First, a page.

I don’t usually get too personal here; this is a writing blog after all. But this week I guess you could say I lost a writing partner of sorts. My little tortie cat girl, Stinky the Cat, left us on Friday, January 27th, 2017. She was a month shy of twenty years of age, a hell of an age for a cat, but then she was a hell of a cat.
I didn’t have Stinky all those twenty years; she came to me an adult cat as part of a package deal that included my wife and two cats. It was a pretty good deal. My wife and I will celebrate our tenth wedding anniversary in March, and I had thirteen wonderful years with Stinky the Cat in my life. (and eleven and a half with Miss Piggy, the other cat)
Miss Piggy and Stinky - 2007
Stinky and I bonded right away—she was partial to men, and to men with beards particularly—she liked to climb in my lap and rub her head against my unshaven chin all the time. She has pretty much been by my side for the last decade or so while I’ve been writing, a perfect writer’s familiar if there ever was one. So if you’ve ever read any of my work, know that Stinky was there when it was created.
There’s so much I could tell you about Stinky, I could go on and on. That’s what I was going to do when I started this post. But a little poem I wrote for her last Sunday keeps coming to mind. I wasn’t going to share it, but it perhaps says what I want to say about her as good as any other writing I could do. So, here it is, then.
You're getting ready to go...
All the signs are there
My sweet friend,
You won't eat; you're wont to sleep,
More so than usual
And you're sluggish when you're not
Days like this are trying
And difficult to face
But I find
With the thoughts of the good times
That we have shared
I can get through them.
I never knew you as a kitten
Though I hear you were a fine one
A palm-sized tortie fur baby
Of epic cute felinity
That pleaded "pick me, pick me"
From the dark depths of the pound
Such were the beginnings of your long
No, you were a full-grown cat when we met
And a feisty one at that
But we seemed to strike a chord
You and I
And we were soon fast friends
And partners in crime.
You took a place by my side
Or curled at my feet, dreaming your cat dreams
While I worked
My world a great deal better
With your presence
I like to think.
Oh, what times we had
You and I
Good times of sweet and carefree joy
Like watching you stroll the grass of the back yard
In the warm afternoon sun
Or stalk a lizard
Or send wayward cats packing
That dared to breach your territory.
You were always up for a good ear rubbing
Or a nuzzle of your nose against my beard
Or sometimes, just to lie gently in my lap
Your microscopic purr a sign of utter contentment.
I wish I could somehow express to you
How much rich and true happiness
You've brought to my life.
But maybe, just maybe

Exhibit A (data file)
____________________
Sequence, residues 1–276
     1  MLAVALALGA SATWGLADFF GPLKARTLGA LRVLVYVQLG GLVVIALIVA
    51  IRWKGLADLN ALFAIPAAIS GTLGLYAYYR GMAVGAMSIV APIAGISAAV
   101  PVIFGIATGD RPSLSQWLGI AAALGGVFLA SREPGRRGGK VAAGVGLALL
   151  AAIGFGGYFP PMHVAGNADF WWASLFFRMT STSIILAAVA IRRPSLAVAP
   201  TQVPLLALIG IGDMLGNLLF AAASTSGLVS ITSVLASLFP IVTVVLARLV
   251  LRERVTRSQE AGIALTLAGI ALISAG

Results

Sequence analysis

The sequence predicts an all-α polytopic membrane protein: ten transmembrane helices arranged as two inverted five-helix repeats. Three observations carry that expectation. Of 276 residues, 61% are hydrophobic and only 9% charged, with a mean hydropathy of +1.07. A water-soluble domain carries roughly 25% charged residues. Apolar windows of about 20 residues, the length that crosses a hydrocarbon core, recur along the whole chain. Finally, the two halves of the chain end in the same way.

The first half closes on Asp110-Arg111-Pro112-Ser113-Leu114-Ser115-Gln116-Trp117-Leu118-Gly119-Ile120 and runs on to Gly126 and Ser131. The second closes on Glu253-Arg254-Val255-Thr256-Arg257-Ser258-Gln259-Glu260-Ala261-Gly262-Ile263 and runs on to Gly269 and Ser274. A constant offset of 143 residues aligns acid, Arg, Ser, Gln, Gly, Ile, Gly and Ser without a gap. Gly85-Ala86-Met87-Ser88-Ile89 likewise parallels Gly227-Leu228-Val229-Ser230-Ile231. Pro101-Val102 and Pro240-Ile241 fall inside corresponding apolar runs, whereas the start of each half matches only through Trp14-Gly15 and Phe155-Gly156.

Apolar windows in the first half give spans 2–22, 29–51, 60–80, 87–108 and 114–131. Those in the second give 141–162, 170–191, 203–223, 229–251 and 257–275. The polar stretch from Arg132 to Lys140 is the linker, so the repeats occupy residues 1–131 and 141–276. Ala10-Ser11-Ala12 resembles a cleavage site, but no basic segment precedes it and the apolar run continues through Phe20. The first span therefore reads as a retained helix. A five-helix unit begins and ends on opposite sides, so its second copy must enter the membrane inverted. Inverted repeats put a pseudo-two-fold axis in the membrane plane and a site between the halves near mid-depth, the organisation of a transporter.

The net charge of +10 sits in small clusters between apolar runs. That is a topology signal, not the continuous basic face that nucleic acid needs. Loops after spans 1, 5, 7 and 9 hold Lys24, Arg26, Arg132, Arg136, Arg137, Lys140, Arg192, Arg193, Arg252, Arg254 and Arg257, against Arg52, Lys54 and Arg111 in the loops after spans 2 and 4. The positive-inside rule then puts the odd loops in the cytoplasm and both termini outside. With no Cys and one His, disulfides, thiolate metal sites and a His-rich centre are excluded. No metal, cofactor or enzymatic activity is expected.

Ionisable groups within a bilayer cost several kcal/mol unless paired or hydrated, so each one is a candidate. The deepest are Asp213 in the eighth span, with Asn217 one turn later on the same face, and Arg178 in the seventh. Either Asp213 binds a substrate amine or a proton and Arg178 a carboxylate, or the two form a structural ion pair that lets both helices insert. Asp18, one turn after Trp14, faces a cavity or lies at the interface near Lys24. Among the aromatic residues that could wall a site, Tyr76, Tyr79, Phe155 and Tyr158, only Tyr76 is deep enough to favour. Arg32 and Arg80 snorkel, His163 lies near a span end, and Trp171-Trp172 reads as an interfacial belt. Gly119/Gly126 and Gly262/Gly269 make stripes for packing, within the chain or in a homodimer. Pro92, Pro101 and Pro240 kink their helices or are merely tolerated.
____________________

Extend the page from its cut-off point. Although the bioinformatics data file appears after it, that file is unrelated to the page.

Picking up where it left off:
Through the sound of my voice
And little cat treats
And some catnip here and there
And lots of love...
You've known it all along.
You've walked this world for nigh on
Spreading out your nine lives
With cat-grace and aplomb.
A great and rich life you've had
My sweet friend.
I don't want to say goodbye
But I guess I'm glad I have the time
To do so.
I can't seem to pet you enough today
Or hold you in my arms time and again
One more time. One more time,
One more stroke of that soft, dark fur.
Not to wax maudlin
You're not that sort of cat
But the unequivocal love you've given me
Will live forever in my soul.
And you'll be with me
My sweet friend, my sweet girl,
I’ve always had a fondness for cats. They are certainly interesting, mysterious yet utterly cute creatures. I’ve always wanted to write a cat related novel as well, particularly after I came across the following in a book of French paintings.
It’s called The Apotheosis of Cats, and I was struck by it immediately. Yes, it is just a bizarre image, but somehow compelling. What are all those cats doing? Where are they? What is that sort of cat-idol thing in the distance? I don’t know, but I decided I would figure it out. I would write a novel based on this painting.
I’ve had that in the back of my head for years, but I’ve never really known what direction to go with it. I knew I wanted it to be mysterious and magical the way cats are, with some Neil Gaiman/Louis Carroll/Ray Bradbury trappings. But this project never had really gotten off the ground.
Then this week happened. I found I was too distraught to work on my current writing project. I needed to write something else—something about cats. And so I started this novel. Just a page, but it’s begun. And, I’m glad to think that I got to start this, my cat novel, while Stinky was still around. And now that she is gone, writing it will certainly help me deal. I have a feeling she will figure prominently in it—my old writing partner, after all, deserves nothing less.